ATHENS — Greece’s coast guard on Friday rescued dozens of migrants whose boat ran aground on a deserted islet off southwestern Greece, while another boat landed on the Aegean Sea resort island of Mykonos, well west of the normal migrant route.
The coast guard said the first vessel appeared to have been carrying migrants trying to clandestinely reach Italy from Greece. It hit rocks on Sapientza, off the southwestern tip of the Peloponnese, and took on water. All 67 people on board the nine-meter (27-foot) wooden craft were picked up safe.
Another 36 people, including seven children, landed Friday on a remote beach on Mykonos. The coast guard said all were in good health.
Separately, government figures showed 261 migrants or refugees arrived on eastern Greek islands in the 24 hours from Thursday morning to Friday morning — a jump compared to recent figures, which had ranged from a few dozen to about 150 per day.
Of those who arrived in the last 24 hours, 139 people reached Lesbos. The rest arrived on Chios, Samos, Leros and Karpathos.
The new arrivals push the number of migrants and refugees in Greece to more than 58,000. Many have officially applied for asylum.
Last year, Greece was the main point of entry into the EU for hundreds of thousands of people seeking better lives in northern and central European countries. A March deal between the EU and Turkey, combined with Balkan border closures to migrants, has led to a dramatic drop in new arrivals.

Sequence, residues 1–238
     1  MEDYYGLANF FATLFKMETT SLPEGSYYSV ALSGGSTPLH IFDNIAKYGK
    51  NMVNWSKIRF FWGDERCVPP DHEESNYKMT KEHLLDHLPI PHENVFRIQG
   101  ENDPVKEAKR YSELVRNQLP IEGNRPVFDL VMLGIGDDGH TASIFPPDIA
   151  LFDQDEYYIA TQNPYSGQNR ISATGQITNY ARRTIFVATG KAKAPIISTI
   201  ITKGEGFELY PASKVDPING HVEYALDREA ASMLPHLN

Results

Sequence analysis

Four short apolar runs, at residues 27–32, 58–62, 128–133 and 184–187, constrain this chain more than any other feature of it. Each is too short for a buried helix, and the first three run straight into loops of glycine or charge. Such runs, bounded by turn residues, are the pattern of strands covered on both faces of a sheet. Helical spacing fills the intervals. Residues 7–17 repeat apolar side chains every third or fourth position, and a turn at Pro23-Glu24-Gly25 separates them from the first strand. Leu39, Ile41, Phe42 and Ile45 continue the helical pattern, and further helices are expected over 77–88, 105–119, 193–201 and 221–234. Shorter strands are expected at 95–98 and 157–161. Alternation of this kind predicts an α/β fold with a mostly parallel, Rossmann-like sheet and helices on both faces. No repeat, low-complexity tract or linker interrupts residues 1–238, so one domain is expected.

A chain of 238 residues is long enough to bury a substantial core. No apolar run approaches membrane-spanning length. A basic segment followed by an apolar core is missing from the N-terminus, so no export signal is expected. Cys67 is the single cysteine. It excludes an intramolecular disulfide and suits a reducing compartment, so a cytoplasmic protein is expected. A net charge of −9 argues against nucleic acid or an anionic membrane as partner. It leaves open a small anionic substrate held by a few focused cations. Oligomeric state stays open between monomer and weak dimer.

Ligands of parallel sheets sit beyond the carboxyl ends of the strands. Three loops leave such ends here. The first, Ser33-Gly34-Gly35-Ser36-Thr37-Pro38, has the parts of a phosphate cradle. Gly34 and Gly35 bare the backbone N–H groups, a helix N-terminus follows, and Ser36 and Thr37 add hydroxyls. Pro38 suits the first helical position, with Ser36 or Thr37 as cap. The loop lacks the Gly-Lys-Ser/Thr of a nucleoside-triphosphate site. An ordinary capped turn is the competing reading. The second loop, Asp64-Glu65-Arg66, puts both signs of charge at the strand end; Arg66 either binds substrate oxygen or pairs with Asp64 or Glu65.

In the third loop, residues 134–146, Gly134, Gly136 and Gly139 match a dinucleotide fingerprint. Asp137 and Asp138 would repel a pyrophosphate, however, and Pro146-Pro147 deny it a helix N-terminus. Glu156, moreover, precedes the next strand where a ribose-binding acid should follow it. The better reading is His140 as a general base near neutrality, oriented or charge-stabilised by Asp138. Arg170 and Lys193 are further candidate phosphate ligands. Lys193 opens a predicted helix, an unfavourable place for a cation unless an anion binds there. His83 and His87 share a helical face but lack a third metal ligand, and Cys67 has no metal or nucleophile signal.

Those now arriving on Greek islands from Turkey face deportation back to Turkey unless they successfully apply for asylum in Greece.
While the deal has limited the flow, people still arrive and around 11,000 are stranded on a handful of eastern Aegean islands, most housed in overcrowded detention camps.
With the Balkan route closed, increasing numbers of migrants have turned to more dangerous routes. Hundreds have died making the perilous journey across the Mediterranean from the north African coast to Italy.
An aid group said Friday that five bodies had been recovered a day earlier off Libya after a small wooden boat capsized. The Migrant Offshore Aid Station, MOAS, said two Syrian girls, ages eight months and five years, were among the victims.
A Spanish aid group rescued at least 100 people from three separate boats in the area on Thursday.